The Post's article on the various long-distance discount plans [front page, Aug. 10] was informative but did not tell the whole story. While the actual long-distance rates may be down, the increase in overall phone bills has increased since Ma Bell was broken up. They have reached the point at which the consumer is most likely realizing no savings at all, especially for low long-distance users. The frustrating part is that consumers have no control over these charges even if they manage to find a long-distance company to match their calling patterns.

Looking at my most recent bill from Bell Atlantic, I find that my actual "service" costs me $14.67 (of which $7.50 is for Caller ID to protect me from all the long-distance companies that want my business). Add on the Federal Subscriber Line Charge, the Local Number Portability Surcharge, the 911 Tax, the Virginia Relay Center Surcharge, the Public Rights-of-Way Use Fee, the local surcharge and the federal tax, and I find my service costs me $21.41 -- or 46 percent more.

On the long-distance side, my calls added up to $2.90. Add to that my Partial Minimum Usage Fee, the National Access Fee, the Federal Universal Service Fee, the federal excise tax and the federal, state and local surcharges, and my long distance costs me $6.78 -- or 130 percent more.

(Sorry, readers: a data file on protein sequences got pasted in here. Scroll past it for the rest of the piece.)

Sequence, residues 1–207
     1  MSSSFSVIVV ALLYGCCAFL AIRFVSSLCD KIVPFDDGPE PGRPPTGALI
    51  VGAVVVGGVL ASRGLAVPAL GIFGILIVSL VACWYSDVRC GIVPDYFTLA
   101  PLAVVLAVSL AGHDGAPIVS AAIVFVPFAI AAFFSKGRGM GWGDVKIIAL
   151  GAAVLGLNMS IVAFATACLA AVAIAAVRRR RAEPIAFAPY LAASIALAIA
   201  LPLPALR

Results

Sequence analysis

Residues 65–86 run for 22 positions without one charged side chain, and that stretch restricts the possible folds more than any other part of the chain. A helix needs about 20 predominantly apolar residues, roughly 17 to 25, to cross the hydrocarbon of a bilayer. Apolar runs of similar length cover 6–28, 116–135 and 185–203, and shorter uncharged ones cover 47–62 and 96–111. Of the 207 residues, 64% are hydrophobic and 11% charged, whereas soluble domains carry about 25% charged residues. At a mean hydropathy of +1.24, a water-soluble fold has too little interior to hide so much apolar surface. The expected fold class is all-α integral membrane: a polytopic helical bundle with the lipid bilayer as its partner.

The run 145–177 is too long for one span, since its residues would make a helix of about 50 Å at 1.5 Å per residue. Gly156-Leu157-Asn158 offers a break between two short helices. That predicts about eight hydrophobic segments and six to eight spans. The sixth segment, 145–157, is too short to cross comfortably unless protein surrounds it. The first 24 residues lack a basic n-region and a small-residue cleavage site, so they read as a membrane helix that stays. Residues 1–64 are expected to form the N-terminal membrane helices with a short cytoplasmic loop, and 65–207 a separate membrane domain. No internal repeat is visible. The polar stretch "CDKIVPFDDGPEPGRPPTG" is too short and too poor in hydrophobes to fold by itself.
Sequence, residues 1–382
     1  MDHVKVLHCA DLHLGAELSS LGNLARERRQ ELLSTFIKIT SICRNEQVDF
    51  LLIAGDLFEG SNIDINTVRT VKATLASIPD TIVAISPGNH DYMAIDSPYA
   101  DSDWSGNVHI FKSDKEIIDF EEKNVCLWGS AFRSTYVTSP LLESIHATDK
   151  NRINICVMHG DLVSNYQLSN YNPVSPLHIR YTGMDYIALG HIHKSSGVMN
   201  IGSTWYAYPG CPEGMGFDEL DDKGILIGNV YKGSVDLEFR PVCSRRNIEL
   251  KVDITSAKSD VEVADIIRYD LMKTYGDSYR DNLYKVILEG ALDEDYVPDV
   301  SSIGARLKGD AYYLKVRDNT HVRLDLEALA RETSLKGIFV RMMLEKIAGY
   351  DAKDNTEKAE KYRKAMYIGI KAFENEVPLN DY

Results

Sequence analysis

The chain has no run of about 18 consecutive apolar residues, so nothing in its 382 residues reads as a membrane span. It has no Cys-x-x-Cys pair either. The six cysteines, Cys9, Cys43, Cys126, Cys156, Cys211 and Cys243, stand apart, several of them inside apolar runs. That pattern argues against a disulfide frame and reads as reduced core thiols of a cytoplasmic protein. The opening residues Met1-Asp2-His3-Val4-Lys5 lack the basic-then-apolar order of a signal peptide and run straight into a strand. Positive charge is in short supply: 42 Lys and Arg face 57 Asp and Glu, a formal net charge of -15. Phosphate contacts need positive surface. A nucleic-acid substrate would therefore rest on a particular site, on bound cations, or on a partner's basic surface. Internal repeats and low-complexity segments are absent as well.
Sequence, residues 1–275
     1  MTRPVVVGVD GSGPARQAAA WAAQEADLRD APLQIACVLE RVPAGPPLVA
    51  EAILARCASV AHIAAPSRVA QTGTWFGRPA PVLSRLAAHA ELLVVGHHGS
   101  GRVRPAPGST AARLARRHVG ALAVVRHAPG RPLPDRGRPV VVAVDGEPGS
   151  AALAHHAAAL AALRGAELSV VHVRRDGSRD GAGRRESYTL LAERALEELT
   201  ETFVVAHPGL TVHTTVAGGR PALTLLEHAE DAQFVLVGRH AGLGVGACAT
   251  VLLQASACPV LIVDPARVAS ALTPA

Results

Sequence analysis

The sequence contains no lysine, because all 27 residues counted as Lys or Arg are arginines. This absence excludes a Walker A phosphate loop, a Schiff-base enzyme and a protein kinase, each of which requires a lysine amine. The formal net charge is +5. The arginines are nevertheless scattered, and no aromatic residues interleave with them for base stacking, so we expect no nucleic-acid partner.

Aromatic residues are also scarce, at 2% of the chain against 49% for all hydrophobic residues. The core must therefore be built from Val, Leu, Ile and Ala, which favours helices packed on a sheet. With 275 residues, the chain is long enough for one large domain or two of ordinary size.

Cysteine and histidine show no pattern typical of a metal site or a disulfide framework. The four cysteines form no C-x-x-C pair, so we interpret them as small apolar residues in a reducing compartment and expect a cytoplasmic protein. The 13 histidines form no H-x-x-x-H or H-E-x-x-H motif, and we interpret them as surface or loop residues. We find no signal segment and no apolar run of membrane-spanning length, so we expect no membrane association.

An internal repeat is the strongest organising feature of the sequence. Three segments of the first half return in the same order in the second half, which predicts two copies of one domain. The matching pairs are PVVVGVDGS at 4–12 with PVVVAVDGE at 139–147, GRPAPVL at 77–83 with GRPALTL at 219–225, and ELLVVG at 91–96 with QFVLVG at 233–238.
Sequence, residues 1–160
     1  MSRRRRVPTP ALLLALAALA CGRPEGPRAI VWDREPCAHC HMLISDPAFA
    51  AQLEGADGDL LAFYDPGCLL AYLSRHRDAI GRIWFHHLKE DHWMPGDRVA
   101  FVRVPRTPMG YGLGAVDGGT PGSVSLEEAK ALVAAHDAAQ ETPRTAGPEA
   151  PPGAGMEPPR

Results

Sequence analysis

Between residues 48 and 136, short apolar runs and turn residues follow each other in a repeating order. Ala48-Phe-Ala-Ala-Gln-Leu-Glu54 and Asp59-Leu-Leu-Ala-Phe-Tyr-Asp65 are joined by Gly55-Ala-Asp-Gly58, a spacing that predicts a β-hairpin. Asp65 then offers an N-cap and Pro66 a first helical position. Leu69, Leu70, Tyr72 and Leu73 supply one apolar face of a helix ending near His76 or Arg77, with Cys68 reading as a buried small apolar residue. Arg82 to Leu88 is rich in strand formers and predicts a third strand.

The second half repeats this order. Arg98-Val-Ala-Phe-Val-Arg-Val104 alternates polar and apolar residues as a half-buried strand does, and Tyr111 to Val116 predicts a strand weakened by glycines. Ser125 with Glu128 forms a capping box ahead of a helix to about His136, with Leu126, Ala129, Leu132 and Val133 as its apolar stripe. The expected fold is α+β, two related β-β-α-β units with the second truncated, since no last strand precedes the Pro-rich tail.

So out of a total bill of $28.19, $10.62, or 38 percent, was taxes and fees. Where's the savings?



Robert Kuttner's column on long-distance rip-offs was right on target [op-ed, Aug. 24]. We spent 18 months trying to get MCI to agree that we were billed $200 more than we should have been for calls to London. It was no easy task because each time you call you are connected with a different person and must start from scratch; MCI representatives cannot be called directly.

After much struggle, MCI finally agreed to cancel the $200 charge and sent us a letter telling us we would be credited by Bell Atlantic. Naturally, Bell Atlantic knew nothing about it. A series of three-way calls followed, and we still have not been credited. Now Bell Atlantic is threatening to turn off our phone. MCI is simply the worst company we have ever dealt with, although Bell Atlantic is also fairly unresponsive.

We so miss Ma Bell and the good old days of monopoly. The judge who ordered the phone company breakup should be ashamed!


Chevy Chase